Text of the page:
I have way too many bosses.
At home I have my lovely wife, Lisa, of course, who tells me what to do and when to do it on a 24/7 basis.
My primary job, once I leave the house, is as a school teacher. Lord, you wouldn't believe the chain of command in the school system. I have all sorts of bosses at the county office and in my building I have a principal and several assistant principals and registrars and counselors and a department head - plus the Home Ec teacher down the hall, who technically isn't my boss, but I like getting those food samples every Friday, so I always do what she says.
I write for a number of newspapers and magazines and Web sites and they all have publishers and editors and secretaries - all of whom get to tell me what to do, to a degree, and when to do it.
Plus I have three kids - and you all know what that means.
It's a wonder I ever get to make a decision for myself. Come to think of it, I seldom do.
And besides all of the task-masters I have already mentioned, I have another boss, too.
As you probably already know, every Wednesday morning for the past four years I have been doing a commentary on the Moby in the Morning country radio network. The spot is called "What the Huck!" I call in and tell semi-funny stories which sometimes make an editorial statement under the surface and sometimes don't. It has been a very successful gig for me and wherever I go I meet people who listen to the show - although a lot of them seem surprised that I actually wear shoes and that my real voice isn't nearly as country-sounding as the one I use on the radio.
And since Moby owns the network and since I like doing the commentaries, he gets to tell me what to do and when to do it, too. Just what I need, right? Another boss.
Well, I told you all of that to tell you this.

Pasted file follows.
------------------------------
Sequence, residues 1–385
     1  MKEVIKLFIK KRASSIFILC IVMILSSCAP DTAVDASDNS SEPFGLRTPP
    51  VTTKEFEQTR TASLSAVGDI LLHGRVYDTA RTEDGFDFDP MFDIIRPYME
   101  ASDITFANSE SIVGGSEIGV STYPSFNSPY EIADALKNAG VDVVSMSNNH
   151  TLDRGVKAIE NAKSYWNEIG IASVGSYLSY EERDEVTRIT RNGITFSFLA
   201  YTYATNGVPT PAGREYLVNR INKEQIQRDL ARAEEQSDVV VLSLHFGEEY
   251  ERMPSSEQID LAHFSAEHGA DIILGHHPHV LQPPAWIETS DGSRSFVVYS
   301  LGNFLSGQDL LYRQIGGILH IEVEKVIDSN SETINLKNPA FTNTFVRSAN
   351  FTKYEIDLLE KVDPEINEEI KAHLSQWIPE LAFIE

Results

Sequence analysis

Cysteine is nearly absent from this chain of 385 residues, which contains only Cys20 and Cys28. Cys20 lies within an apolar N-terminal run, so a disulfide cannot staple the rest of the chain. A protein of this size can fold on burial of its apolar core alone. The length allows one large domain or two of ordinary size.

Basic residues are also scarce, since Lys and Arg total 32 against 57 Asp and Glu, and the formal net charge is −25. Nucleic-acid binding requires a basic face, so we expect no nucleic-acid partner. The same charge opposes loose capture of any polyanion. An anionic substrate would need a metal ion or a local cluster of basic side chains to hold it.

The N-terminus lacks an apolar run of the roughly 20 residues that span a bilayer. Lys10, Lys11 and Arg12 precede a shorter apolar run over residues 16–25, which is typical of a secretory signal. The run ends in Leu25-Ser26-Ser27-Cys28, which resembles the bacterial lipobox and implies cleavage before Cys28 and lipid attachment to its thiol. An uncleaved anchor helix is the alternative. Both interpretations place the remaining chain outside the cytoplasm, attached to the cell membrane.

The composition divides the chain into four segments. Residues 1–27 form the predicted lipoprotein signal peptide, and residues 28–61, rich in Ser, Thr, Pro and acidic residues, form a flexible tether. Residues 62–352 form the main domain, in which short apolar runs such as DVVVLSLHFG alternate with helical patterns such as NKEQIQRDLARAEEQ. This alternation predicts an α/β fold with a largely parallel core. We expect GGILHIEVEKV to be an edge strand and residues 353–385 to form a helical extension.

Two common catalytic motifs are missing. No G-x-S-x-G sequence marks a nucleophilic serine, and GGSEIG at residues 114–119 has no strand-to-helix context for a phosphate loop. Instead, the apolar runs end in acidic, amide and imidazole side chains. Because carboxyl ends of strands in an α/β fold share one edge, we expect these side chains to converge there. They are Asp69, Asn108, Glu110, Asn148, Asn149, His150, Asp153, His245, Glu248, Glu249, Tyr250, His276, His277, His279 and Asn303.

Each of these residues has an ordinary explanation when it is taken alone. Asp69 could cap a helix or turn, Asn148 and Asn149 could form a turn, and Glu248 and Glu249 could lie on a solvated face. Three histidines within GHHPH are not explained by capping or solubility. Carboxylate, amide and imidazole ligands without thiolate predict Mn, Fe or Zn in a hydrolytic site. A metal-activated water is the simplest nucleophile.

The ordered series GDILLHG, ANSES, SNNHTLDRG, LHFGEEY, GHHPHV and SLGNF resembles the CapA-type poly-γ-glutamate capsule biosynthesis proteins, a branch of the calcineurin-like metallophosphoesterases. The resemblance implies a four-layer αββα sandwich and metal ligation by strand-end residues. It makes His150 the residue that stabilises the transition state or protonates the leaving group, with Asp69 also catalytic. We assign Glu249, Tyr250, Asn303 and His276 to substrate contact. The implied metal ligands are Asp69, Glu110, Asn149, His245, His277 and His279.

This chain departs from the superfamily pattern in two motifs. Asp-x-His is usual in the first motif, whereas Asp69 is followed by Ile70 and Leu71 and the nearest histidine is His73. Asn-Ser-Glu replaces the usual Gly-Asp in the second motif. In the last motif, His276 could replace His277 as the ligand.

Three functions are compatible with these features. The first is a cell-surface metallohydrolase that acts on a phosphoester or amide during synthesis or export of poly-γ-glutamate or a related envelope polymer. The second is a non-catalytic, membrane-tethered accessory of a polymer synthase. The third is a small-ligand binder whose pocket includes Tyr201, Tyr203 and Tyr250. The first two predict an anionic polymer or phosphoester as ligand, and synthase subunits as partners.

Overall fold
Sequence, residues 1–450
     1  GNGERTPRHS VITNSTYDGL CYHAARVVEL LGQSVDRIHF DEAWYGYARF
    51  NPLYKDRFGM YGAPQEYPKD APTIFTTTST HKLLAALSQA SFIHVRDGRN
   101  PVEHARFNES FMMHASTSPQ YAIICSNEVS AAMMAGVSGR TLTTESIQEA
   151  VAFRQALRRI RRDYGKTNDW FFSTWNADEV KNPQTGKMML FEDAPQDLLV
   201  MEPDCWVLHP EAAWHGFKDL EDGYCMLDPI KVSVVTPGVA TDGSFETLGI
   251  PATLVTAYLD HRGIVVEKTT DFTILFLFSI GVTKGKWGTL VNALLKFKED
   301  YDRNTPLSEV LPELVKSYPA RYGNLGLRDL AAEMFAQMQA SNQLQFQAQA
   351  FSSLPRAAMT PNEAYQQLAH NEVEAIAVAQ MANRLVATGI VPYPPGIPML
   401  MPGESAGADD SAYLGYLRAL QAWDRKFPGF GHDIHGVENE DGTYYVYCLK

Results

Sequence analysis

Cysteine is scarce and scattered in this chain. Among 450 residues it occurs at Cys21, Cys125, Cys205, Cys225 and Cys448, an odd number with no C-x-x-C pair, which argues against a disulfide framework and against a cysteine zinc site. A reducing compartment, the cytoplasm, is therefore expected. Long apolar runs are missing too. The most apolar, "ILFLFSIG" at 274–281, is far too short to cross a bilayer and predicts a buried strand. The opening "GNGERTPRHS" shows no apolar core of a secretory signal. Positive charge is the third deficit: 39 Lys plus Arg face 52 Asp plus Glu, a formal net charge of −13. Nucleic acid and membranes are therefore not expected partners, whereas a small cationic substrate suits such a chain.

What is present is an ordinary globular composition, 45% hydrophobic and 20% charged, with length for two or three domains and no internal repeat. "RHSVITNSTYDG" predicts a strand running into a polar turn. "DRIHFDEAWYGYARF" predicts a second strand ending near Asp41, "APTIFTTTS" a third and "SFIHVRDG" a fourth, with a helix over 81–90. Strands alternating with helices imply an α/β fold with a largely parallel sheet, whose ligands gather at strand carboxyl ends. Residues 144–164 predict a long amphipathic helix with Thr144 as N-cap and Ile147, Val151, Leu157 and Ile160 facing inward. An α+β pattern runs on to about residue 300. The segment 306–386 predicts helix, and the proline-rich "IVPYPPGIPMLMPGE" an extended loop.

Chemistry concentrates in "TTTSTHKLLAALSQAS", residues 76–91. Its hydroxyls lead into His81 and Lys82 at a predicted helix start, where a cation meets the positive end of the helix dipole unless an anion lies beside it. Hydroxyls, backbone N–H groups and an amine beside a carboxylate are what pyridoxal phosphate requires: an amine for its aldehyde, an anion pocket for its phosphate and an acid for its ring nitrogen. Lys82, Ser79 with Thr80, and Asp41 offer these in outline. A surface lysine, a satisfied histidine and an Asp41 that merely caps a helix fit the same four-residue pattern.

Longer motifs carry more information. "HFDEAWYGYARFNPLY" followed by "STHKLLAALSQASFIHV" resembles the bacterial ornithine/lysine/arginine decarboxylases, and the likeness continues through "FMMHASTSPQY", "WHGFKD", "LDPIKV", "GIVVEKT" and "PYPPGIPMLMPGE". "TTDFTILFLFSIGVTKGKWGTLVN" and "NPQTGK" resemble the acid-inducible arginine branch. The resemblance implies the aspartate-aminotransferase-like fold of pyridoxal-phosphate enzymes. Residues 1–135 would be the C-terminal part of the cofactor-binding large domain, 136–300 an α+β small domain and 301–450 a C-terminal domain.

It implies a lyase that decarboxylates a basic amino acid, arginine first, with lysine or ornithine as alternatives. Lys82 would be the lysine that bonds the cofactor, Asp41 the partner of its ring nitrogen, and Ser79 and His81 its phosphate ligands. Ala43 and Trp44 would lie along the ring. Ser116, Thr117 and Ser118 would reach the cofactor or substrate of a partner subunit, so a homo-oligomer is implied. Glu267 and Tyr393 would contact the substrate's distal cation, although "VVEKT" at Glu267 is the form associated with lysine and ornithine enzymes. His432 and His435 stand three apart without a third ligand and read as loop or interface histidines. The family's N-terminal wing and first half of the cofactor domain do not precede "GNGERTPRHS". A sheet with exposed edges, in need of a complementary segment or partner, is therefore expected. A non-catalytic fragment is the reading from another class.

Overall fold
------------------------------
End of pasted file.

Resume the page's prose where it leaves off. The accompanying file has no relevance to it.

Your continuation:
My radio boss ain't nearly as smart as I have been giving him credit for being.
I called in Wednesday morning, just like always, expecting to shoot the breeze for a minute or two, and then have him cue me with, "Here's Darrell Huckaby and 'What the Huck!'"
But Moby wasn't in the studio. Some cute-sounding female named Jill was. Now I don't have a thing in the world against chit-chatting with a cute-sounding female, but it kind of caught me off guard. My first thought was, "Just what I need. Another boss!"
Actually, that wasn't my first thought when I heard Jill's voice, but Lisa was sitting right there at the kitchen table and she also reads this column from time to time, so I had better not say what my first thought was. But I am pretty sure that my second thought was the boss thing.
At any rate, after I got over the shock of not hearing Moby on a Wednesday morning, I asked where he was. I wasn't ready for the answer and, quite frankly, thought she was joking when she said, "Moby's in the hospital. He got bit by a snake - a copperhead!"
"You've got to be kidding me!" I replied - except I probably didn't say "kidding."
Immediately my thoughts went back to a picture Moby had sent me, just a few days earlier, in which he was posing beside a giant stag he had killed, I assumed, on a recent hunting trip. In my mind's eye I could see poor Moby, walking through the woods, all alone, and being struck by the vicious copperhead. But that ain't what happened, y'all. The next words out of Jill's mouth revealed the awful truth.
"Moby saw a snake in his driveway and decided to pick it up and throw it in the woods."
Y'all. News flash, here. You don't pick up a copperhead whether it is in your driveway or in the deep dark woods. You just don't.
Now to me, every snake I see is a cotton-mouthed-copper-headed-water-rattler. Don't tell me about king snakes and garter snakes or black racers. Venom or no venom, I am giving any snake a wide birth - and if I see a copperhead in the woods, I am giving it as wide a berth as possible. If I see one in my yard or driveway - I am going to arrange a meeting between that creature and that creature's Creator with the business end of a hoe.
I am certainly not going to pick it up, because if I did that, it might bite me on my hand, causing my hand to swell up and causing big hunks of flesh to turn brown and fall right out - which is what happened to Moby.
But all is well that ends well. Moby is recovering from his wound and is back on the air and when I call in next Wednesday, I am sure he will be there to answer the phone.
And Jill? Well, I don't know about Jill, but the next time she's doing the show, I just might need to drive into the studio and do my spot live, 'cause sometimes you just have to say, What the Huck!
Darrell Huckaby is a local author and educator. He can be reached at dHuck08@bellsouth.net.